LOS ANGELES – , Gary K. Steinberg, MD, said at the International Stroke Conference, sponsored by the American Heart Association.
Seeing sustained benefit out to 2 years was “quite surprising. We thought we’d lose the benefit,”said in a .
The findings “change our notion of what happens after a stroke. The damaged circuits can be resurrected,” said Dr. Steinberg, professor and chair of neurosurgery at Stanford (Calif.) University.
He reported long-term follow-up data for 18 chronic stroke patients who had receivedof allogeneic bone marrow–derived stem cells. The study’s primary efficacy endpoint, at 6 months after treatment, showed clinically meaningful improvements in several measures of stroke disability and function in 13 of the 18 patients (72%), including a rise of at least 10 points in the Fugl-Meyer total motor function score.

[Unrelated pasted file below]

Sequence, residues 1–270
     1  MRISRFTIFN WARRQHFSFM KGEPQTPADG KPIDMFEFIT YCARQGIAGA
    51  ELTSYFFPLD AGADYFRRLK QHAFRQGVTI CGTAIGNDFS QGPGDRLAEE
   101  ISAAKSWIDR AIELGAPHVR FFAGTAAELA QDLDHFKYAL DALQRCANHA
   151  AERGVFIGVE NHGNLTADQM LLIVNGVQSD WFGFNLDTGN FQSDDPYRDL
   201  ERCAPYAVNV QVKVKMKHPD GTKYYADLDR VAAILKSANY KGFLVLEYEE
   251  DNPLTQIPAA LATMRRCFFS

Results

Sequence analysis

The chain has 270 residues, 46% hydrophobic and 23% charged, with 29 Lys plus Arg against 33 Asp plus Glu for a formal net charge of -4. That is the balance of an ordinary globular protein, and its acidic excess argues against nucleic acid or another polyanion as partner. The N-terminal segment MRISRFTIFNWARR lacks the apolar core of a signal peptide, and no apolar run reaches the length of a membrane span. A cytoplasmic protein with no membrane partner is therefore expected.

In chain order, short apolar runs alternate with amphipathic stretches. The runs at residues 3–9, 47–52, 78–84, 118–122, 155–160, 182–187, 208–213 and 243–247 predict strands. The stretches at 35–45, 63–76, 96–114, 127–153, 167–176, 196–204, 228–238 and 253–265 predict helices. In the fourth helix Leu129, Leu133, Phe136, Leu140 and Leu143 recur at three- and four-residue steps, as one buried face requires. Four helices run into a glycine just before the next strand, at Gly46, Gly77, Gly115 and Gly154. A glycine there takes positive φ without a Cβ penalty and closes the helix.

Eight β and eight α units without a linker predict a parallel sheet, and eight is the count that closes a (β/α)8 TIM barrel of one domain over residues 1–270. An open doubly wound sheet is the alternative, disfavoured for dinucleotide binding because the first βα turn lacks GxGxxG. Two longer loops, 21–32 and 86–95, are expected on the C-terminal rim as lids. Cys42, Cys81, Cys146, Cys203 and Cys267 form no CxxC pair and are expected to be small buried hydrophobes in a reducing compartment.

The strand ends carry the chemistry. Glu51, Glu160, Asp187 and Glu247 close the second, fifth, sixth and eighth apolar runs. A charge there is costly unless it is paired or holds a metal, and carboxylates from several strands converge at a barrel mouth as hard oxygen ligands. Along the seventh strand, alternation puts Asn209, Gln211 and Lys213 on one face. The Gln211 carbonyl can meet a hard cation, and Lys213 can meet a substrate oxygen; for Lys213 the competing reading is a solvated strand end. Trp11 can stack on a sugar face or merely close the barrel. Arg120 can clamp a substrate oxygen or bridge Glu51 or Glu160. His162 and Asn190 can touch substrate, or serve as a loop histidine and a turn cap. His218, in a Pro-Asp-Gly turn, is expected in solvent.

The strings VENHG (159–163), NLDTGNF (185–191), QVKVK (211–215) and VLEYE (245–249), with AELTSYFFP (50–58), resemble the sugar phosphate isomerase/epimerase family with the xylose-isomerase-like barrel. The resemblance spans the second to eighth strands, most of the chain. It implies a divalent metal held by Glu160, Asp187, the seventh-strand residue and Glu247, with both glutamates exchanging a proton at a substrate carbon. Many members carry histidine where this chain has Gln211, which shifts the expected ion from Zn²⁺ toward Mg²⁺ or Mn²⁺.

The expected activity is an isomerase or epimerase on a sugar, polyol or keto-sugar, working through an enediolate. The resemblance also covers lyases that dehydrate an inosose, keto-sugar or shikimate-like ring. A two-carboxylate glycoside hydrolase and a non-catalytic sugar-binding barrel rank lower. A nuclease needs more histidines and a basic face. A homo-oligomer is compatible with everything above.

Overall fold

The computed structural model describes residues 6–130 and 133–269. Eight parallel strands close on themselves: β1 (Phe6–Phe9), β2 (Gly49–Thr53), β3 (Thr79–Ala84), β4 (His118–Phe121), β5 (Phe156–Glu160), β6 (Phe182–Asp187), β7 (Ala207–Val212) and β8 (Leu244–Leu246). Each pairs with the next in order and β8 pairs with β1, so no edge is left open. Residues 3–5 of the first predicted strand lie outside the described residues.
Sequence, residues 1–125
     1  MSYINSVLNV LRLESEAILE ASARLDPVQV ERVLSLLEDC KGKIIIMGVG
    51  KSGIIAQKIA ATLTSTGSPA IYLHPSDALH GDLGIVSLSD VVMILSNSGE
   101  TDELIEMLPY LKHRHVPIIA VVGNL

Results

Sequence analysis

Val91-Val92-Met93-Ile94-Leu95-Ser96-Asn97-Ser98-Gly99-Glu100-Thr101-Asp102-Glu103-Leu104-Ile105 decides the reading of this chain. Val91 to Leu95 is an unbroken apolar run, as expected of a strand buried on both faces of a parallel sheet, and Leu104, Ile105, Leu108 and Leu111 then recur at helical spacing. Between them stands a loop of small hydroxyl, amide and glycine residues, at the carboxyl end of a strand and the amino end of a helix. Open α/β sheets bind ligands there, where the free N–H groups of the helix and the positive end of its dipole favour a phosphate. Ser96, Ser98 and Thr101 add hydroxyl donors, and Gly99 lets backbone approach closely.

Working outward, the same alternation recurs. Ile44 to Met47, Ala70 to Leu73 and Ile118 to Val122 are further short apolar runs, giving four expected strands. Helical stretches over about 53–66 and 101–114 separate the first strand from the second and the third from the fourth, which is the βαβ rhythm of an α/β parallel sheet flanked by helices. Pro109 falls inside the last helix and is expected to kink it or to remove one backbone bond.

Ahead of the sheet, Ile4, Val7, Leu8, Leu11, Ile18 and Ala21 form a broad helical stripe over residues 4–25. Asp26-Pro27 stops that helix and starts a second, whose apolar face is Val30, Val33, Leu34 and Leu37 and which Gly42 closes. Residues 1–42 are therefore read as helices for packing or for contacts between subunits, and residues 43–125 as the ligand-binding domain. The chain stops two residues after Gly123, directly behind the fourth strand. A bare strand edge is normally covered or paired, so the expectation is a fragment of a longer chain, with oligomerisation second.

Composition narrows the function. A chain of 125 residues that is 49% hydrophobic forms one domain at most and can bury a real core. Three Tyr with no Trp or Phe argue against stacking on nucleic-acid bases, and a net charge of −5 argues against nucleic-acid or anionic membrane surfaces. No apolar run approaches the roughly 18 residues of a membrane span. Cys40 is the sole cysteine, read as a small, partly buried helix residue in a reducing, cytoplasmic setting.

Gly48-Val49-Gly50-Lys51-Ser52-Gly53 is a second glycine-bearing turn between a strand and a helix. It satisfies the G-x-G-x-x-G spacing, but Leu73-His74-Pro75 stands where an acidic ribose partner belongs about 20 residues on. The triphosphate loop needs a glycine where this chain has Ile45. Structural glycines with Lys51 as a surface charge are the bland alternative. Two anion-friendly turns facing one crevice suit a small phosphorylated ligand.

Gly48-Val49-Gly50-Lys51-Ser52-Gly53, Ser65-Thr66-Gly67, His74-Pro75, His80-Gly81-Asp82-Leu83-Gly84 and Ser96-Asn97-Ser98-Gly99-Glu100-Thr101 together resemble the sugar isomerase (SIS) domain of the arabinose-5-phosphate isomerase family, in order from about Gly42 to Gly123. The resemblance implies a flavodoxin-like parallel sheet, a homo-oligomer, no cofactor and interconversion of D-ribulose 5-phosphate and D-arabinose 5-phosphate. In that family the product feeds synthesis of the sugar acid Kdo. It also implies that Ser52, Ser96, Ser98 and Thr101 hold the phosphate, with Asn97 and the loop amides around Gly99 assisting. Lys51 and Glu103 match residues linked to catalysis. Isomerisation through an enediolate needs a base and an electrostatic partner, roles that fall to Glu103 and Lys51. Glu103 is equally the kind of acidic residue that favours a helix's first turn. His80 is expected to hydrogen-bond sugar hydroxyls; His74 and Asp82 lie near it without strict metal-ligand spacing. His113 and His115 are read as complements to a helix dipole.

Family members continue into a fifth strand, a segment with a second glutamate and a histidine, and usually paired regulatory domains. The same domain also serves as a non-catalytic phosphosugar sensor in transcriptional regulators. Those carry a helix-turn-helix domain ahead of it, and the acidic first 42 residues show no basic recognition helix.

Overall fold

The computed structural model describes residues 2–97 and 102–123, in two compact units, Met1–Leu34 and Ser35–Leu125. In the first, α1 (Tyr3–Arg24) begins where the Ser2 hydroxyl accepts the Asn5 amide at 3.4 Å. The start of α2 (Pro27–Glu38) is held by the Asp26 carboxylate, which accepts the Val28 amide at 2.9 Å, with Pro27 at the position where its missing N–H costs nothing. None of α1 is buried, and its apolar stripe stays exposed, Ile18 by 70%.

His new report on 2-year follow-up showed that these 6-month improvements continued. The average increase inover baseline was about 18 points at 6, 12, and 24 months of follow-up.
Based on the promise shown in this pilot study, Dr. Steinberg and his associates are running a randomizedwith 156 patients. Enrollment recently completed, and the results should be available during the second half of 2019, Dr. Steinberg said.
SanBio funded the study. Dr. Steinberg has been a consultant or advisor to Qool Therapeutics, Peter Lazic US, and NeuroSave.
SOURCE: Steinberg K et al. International Stroke Conference 2018, .